After my father died, my mother recalled that in 1934 he spent more time at sea than on land. I wonder now why he didn’t move us overseas with him so we could all stay together. Maybe he didn’t think of it. Maybe my mother refused. That we girls never asked to go along for the ride just once is something else to think about. My children certainly would have asked, and my grandchildren would have insisted. My theory: we were powerless and we knew it. Our household was not a democracy. An example: When I was in eighth grade and all my Jewish classmates were going to be confirmed at the synagogue, I asked to join them. My father said no, he hated that rabbi. I didn’t argue and never asked again, although I was seriously discomforted socially and disappointed personally.

*         *         *         *

Harry sometimes talked about his deprived childhood. He only had one toy—a small painted metal car with wheels that turned. He would push the little car back and forth on the floor and that served as fun and games for the baby of the family. His sister became a beautiful woman who taught school, the pride and joy of her father. His elder brother became a lawyer, insurance broker, and perennial losing candidate for a judgeship on the Republican ticket. This son was the pride and joy of his mother and was referred to as Sonny Boy by my resentful father. I think my poor Daddy was entitled to his self pity, and to his lifelong touchiness too, I suppose, although the latter was sometimes a burden to me.

When I made a political and aesthetic leap away from my parents as a Queens College student, I was living at home—a bad place for leaping away. (College dorms do a lot to preserve family peace.) Although my mother ignored such details, my father found it hard to accept the huge poster I hung on my bedroom wall: Picasso’s Woman in the Mirror with those bulbous protuberances and weird extra noses. Another offense was the harsh-sounding Hindemith record often playing on my phonograph. To him I had become an alien and he took it as a personal insult. My moving to the left of his New Deal politics and insisting on arguing about it was even worse: I was a combative alien. My sister remembers me once charging up the stairs with our father charging after me although I have no such memory.

Yet my last years at home were peaceful and warm while I worked at a market research job my father helped me find and was being courted by someone he respected and liked. Years later, on his retirement, he and my mother moved to my apartment complex. She worked in her best friend’s art gallery and he walked his daily mile or two and shopped for their dinners. He was walking to or from the Second Avenue Deli the Friday he suffered a fatal heart attack. It was a month before his 84th birthday. I know just where he fell because the police told us the principal of a junior high school saw the collapse through his office window on First Avenue, just north of 11th Street. I pass the school a few times a year but I always cross the street to avoid stepping on that haunted pavement, even after more than thirty years.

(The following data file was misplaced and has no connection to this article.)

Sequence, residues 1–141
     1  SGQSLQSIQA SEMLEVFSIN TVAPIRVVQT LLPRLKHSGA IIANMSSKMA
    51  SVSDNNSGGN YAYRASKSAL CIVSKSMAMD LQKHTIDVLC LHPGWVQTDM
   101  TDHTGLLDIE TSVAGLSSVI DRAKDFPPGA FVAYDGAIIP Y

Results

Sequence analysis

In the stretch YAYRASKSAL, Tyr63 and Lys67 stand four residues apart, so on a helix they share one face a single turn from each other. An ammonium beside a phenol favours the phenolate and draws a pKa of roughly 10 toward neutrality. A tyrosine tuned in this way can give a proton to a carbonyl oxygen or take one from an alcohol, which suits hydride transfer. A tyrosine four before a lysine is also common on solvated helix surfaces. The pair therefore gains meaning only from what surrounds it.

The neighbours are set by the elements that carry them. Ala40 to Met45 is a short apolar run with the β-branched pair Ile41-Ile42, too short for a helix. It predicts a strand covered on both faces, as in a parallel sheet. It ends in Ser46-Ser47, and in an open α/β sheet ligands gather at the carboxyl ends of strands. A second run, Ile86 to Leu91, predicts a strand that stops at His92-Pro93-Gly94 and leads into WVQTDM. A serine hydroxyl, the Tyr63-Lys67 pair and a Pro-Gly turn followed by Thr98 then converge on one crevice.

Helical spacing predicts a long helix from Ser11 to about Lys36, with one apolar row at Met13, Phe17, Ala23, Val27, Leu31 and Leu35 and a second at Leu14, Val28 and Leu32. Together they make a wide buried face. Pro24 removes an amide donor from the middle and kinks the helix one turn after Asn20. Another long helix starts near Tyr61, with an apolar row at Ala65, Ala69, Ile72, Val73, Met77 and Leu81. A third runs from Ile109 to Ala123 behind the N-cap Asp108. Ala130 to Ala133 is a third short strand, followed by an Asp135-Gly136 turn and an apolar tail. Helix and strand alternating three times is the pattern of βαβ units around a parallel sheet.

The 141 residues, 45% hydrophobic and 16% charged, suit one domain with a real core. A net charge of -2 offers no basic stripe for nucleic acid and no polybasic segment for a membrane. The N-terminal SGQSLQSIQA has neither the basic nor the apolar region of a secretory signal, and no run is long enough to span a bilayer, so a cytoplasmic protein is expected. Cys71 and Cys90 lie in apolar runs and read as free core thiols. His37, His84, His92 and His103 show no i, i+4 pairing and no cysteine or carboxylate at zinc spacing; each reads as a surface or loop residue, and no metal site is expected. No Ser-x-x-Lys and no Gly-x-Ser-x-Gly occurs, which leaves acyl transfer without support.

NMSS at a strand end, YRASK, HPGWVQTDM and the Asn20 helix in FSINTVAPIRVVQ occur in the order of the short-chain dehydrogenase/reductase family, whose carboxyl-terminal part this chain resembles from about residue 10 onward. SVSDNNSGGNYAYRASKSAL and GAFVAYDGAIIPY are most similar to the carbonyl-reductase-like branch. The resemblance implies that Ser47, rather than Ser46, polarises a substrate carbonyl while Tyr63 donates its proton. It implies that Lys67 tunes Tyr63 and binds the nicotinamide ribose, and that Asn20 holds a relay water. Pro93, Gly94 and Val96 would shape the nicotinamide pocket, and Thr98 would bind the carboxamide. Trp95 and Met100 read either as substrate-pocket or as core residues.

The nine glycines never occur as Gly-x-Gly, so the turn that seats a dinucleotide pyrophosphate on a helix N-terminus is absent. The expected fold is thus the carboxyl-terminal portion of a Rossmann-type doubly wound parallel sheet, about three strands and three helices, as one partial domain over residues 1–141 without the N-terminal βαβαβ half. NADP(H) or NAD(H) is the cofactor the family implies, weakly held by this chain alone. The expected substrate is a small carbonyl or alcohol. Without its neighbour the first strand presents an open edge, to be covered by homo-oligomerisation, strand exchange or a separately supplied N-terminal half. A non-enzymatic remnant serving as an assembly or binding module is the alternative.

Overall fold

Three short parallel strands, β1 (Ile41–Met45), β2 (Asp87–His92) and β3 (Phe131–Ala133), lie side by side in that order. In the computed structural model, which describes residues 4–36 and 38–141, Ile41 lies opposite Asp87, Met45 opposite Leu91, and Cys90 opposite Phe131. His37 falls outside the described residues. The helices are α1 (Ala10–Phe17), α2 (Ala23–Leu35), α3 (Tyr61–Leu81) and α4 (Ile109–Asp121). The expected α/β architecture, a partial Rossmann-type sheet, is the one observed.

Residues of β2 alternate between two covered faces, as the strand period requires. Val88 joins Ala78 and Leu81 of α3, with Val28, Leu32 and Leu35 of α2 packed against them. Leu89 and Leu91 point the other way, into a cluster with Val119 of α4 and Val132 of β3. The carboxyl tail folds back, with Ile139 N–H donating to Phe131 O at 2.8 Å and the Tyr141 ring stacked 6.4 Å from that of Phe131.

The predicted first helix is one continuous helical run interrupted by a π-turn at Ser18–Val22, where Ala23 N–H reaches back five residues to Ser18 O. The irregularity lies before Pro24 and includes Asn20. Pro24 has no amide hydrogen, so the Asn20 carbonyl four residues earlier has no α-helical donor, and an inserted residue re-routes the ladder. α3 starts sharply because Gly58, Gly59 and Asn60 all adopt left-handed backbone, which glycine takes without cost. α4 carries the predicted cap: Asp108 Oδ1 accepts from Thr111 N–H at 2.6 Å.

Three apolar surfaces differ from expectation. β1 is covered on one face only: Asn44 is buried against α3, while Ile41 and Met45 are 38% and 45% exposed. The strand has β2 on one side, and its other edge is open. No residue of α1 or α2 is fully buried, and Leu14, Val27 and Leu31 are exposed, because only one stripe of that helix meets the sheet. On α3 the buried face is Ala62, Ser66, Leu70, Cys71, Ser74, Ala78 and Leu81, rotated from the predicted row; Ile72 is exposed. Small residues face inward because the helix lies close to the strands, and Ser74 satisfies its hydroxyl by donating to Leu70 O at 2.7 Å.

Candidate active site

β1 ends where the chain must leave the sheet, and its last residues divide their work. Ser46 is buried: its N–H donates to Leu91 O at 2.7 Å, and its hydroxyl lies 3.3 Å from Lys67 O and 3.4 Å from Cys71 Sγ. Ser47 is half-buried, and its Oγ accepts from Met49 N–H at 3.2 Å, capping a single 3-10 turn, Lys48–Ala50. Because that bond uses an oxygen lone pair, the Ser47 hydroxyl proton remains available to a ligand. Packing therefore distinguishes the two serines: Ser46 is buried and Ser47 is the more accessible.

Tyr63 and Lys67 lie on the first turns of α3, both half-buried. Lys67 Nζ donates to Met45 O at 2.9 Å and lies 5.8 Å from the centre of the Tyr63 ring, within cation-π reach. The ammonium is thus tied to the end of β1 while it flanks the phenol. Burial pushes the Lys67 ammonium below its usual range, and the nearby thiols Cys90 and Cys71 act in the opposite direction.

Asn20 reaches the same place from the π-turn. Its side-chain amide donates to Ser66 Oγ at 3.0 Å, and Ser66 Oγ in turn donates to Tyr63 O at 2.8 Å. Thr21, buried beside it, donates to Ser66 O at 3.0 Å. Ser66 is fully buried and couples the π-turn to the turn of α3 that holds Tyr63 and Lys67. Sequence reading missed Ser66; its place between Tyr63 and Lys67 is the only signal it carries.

Harry Greene died about a mile from where he was born. There is something oddly satisfying about that.


Elaine Greene Weisburg for some fifty years was a writer and editor at Seventeen, Esquire, House & Garden and House Beautiful and free-lanced widely for the New York Times and other magazines. 









Lives of an Oushak

by Elaine Greene Weisburg


There’s a building in the Twenties where
scores of Persian Jews
sell old mid-eastern carpets,
carpets that I love.
Once when I was shopping there
I happened on a circle
of rug men saying prayers.

The Oushak in my bedroom I gaze at every day.
Its geometric forms
spelled out in muted grays and blues
lie on a field of salmon red–
as warm to the eye as its wool to bare feet.
Accents of blackish brown are discreet
as is a flickering orange note.

Whose rug was this long years ago?
Whose broken window blind
allowed the sun to fade
that narrow three-inch bar?
A Turkish imam? An artist from Spain?
And whose turn is next in this ownership chain?


Elaine Greene Weisburg spent about twenty years each at House & Garden (Conde Nast) and House Beautiful (Hearst) as design reporter and features editor, eventually editing a memoir column and two memoir anthologies.

Car Stories From the Writing Workshop, Spring 2016

Road Trip

by Lisa Cristal

I had finally convinced my husband, Bruce, that we were responsible adults.  We could stop inheriting old clunker cars and buy one that we could take care of for many years.

The black shiny Toyota Avalon was a sensible, highly rated car that would accommodate our growing children. We splurged and added a sunroof. We loved that car.

A week after purchase it was time for our first road trip. Our two small children fidgeted and fought most of the drive while Bruce accustomed himself to the nuances of a new car.  We were on the last part of the highway, within 10 minutes of our destination, when suddenly out of the corner of my eye I saw a brown blur shoot out of the woods and charge toward the driver’s side of the car.   The impact pushed us off the road.  Looking up through the sunroof I saw the deer catapult over the car. Bruce tightly steered the car and righted us onto the road.

Our daughter asked where Bambi went.  “To find his mother,” I replied. Unfortunately, her older brother said that he saw the deer fly over the roof of the car. “Yes, “I said, covering, “but I saw him scamper away.”

Actually, Bruce had seen the deer twitching by the side of the road.  We stopped at a general store to report the accident. Bruce got out to inspect the damage.  The entire front of the car was smashed in and covered in blood and hair. Our son asked why daddy was kicking the pole of the payphone and yelling. “Stay in the car,” I ordered. “He is just trying to kick off the mud on his shoes.”